Japan Tests Expanded Mandate for Self-Defense Forces in South Sudan

Members of the Japan Self-Defense Forces arrive to take part in the U.N. Mission in South Sudan, Juba, South Sudan, Nov. 21, 2016 (AP photo by Justin Lynch).
Members of the Japan Self-Defense Forces arrive to take part in the U.N. Mission in South Sudan, Juba, South Sudan, Nov. 21, 2016 (AP photo by Justin Lynch).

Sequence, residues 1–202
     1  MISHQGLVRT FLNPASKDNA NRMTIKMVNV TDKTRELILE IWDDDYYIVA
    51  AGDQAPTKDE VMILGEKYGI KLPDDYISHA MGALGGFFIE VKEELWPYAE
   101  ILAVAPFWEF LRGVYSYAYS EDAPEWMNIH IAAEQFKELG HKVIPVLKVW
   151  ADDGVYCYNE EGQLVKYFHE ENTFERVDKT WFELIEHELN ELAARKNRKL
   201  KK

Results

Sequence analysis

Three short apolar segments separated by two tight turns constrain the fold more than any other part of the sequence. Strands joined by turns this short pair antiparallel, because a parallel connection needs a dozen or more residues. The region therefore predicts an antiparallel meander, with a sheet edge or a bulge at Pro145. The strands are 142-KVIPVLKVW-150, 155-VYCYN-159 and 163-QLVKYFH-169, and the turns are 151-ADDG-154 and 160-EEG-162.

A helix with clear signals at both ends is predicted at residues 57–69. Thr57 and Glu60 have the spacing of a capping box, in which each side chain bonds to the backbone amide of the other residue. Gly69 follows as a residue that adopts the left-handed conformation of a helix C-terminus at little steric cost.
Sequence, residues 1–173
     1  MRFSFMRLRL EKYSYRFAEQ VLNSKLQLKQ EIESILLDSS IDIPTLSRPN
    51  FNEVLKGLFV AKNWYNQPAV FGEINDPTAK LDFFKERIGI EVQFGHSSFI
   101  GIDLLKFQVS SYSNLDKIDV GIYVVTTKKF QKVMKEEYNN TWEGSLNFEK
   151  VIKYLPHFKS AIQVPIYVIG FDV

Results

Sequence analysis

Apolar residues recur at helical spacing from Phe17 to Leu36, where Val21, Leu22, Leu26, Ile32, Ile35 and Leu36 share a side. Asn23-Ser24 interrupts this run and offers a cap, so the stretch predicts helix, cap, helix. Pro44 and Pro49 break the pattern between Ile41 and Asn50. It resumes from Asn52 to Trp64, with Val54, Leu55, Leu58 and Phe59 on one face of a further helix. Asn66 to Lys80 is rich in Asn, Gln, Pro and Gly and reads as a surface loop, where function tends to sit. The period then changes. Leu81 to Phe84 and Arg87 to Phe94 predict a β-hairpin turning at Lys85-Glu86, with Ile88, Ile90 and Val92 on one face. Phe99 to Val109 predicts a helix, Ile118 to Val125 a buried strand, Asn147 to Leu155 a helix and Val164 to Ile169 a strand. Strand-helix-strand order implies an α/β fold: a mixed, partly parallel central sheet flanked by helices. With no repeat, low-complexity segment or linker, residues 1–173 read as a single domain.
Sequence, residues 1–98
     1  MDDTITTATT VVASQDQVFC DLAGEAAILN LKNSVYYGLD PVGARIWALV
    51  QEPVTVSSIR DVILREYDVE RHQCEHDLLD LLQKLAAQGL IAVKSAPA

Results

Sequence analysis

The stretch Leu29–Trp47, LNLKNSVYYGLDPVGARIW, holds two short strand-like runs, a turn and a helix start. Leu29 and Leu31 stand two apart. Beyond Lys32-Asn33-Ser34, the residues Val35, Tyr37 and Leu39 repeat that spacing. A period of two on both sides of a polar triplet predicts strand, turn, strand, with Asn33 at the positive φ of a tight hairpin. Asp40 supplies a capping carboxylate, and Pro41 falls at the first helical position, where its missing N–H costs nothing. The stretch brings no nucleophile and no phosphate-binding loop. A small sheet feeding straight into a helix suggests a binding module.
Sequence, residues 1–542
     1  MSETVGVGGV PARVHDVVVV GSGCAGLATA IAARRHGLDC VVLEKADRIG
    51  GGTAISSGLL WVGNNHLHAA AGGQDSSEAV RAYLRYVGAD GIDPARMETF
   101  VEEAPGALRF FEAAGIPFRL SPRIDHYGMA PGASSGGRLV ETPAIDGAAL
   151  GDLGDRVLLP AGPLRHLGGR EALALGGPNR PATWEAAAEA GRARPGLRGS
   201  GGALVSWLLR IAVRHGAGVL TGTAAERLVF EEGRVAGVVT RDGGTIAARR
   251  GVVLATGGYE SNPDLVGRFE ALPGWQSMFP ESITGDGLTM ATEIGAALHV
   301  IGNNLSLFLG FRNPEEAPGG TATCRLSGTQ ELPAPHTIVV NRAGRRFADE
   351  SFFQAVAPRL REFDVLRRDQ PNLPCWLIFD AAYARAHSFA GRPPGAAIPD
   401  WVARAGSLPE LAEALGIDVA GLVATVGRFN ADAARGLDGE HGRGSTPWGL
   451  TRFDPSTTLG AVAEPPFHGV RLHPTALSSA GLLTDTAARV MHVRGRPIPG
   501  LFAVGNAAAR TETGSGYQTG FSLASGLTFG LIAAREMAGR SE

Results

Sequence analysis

A new, expanded mandate for the Japanese military, known as the Self-Defense Forces (SDF), participating in the United Nations mission in South Sudan went into force Monday. Japanese soldiers are now allowed to rescue humanitarian workers under attack and play a larger role in protecting U.N. camps. In an email interview, Ippeita Nishida, a research fellow at the Sasakawa Peace Foundation, discusses the Japanese military’s overseas activities. WPR: What U.N. and multilateral security missions is Japan participating in, and what is public opinion toward participating in them? Ippeita Nishida: Japan has a 350-strong SDF engineering unit and some staff officers […]

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